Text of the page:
The 1960s saw a large reconstruction of the DHI campus, including the building of new study and research facilities, three multistory dormitories, and an athletic complex. The electrotechnical faculty was opened in 1962. In 1968 a tragedy struck, when 20 students died at a pop music concert due to the crush caused by the collapse of stair railings. In the mid-1970s the enrollment reached 8,000. During this time DHI concluded several cooperation agreements with large industrial enterprises of Dnipropetrovsk oblast, which gave rise to complex entities that combined education, scientific research, and industrial production.
In the 1990s DHI added social sciences to its faculty structure. In 1993 the faculty of economics was opened (reorganized in 2001 as the institute of economics). The faculty of law was added in 2001. In 1993 DHI was accredited as an autonomous state institution of higher learning under the name of State Mining Academy of Ukraine, which was granted the status of a national institution of higher learning in 1997. In 2002 it was reorganized as National Mining University, Ukraine’s leading school in the fields of geological prospecting, mining, fuel and energy production, machine-building, and automation of production. In 2017 National Mining University assumed its current name: National Technical University ‘Dnipro Polytechnic’ or Dnipro University of Technology (DniproTech), as it is known abroad. As of 2020 its student enrollment was 10,000.
DniproTech consists of five institutes: the humanities and social sciences; economics (with the faculty of management and the faculty of finance and economics); power engineering (with the faculty of electrical engineering and the faculty of information technologies); nature management; and interdepartmental institute of continuous education. It also has three separate faculties: mechanical engineering; construction; and natural sciences and technologies. DniproTech also operates four specialized secondary schools: Dokuchaiv mining tekhnikum, Pavlohrad tekhnikum, the motor transport tekhnikum, and Marhanets college. Also, it hosts several international cultural and educational centers, among them the Ukrainian-American Linguistic Center, the Ukrainian-German Cultural Center, the Ukrainian-Japanese Center, the Center of Ukrainian-Polish Cooperation, the Ukrainian-Spanish Cultural and Linguistic Center, and the Center for Ukrainian-Turkish Cooperation. There are also two dozen research and training centers, such as Gemological center; Research and Education Center of Geoinformation and Aerospace Technologies; Center for the Dynamics and Strength of Supporting Constructions of Artificial Structures in Mining-Metallurgical Enterprises; Center for Blasting Problems; Center of Mining Information Technologies; Center of Special Technologies of Machine Building; the Ukrainian-Polish Scientific and Educational Center of Radical Technologies; the Ukrainian-Turkish Scientific and Educational Center ‘Hirnicha sprava,’ and others. DniproTech’s scientific library is the oldest and the largest scientific library in Dnipropetrovsk oblast. Its earliest resources consisted of the collections granted to the library by professors of Katerynoslav Mining Institute, chiefly in the fields of mining, geology, and mechanics. The library also includes books printed prior to the 18th century, including ones in Latin, German, French, English, and other European languages. Today the library contains around one million volumes.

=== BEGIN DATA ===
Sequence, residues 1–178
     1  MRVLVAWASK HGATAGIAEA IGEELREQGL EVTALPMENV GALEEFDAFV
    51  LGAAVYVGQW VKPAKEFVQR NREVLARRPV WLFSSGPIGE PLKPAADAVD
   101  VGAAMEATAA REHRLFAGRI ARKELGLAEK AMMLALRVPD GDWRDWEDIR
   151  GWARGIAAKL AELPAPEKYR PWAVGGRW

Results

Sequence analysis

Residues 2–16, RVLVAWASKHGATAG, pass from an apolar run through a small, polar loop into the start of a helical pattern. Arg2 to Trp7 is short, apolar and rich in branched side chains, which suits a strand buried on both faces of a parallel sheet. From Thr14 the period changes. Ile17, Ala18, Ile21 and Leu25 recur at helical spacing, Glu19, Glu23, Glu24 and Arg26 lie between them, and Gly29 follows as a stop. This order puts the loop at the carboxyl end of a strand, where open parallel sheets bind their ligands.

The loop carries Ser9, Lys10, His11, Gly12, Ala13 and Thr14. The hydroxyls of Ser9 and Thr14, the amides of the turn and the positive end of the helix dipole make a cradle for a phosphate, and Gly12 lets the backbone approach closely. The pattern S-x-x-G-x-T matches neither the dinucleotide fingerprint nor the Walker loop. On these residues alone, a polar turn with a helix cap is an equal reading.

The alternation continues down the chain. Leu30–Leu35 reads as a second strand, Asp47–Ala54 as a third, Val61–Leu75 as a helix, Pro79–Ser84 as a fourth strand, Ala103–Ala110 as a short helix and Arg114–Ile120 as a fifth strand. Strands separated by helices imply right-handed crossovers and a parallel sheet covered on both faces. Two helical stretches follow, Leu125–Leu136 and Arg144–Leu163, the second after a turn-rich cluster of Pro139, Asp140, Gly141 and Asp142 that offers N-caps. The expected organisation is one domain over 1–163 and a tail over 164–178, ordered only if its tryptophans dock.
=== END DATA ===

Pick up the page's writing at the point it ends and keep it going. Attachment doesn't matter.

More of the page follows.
DniproTech has been consistently ranked among the best universities in Ukraine. For instance, in the independent academic ranking Top 200 Ukraine it has been ranked sixth in 2017, eighth in 2018, and twelfth in 2020.
DniproTech has published a number of periodicals in sciences and humanities, among them Naukovyi visnyk Natsional'noho hirnychoho universytetu (1998–), Ekonomichnyi visnyk Dniprovs'koї politekhniky (72 vols, 2003–), Humanitarnyi zhurnal (1999–2012), Zbahachennia korysnykh kopalyn (69 vols, 2003–), Hirnycha elektromekhanika ta avtomatyka (102 vols, 1965–), Rozrobka rodovyshch (2007–15), Sicheslavs'kyi al'manakh (7 vols, 2005–14), and Istoriia ta kul'tura Prydniprov’ia (2004-–16).
Pivniak, H., et al. Natsional'na hirnycha akademiia Ukraїny. Profesory 1899–1999 (Dnipro 1999)
Shvyd'ko, H. (ed.) Istoriia i suchasnist' Natsional'noho hirnychoho universytettu (1899–2009) (Dnipro 2009)
———. ‘Represovana pleiada vchenykh-odnolitkiv’ in Holub, I. (ed.) Moie Prydniprov’ia. Kalendar pam’iatnykh dat Dnipropetrovs'koї oblasti na 2010 rik: Metodyko-bibliohrafichne vydannia (Dnipro 2009)
———. Narysy z istoriї natsional'noho hirnychoho universytetu (1899–2015). Rektory (Dnipro 2015)
DniproTech official website: https://www.nmu.org.ua
[This article was written in 2021.]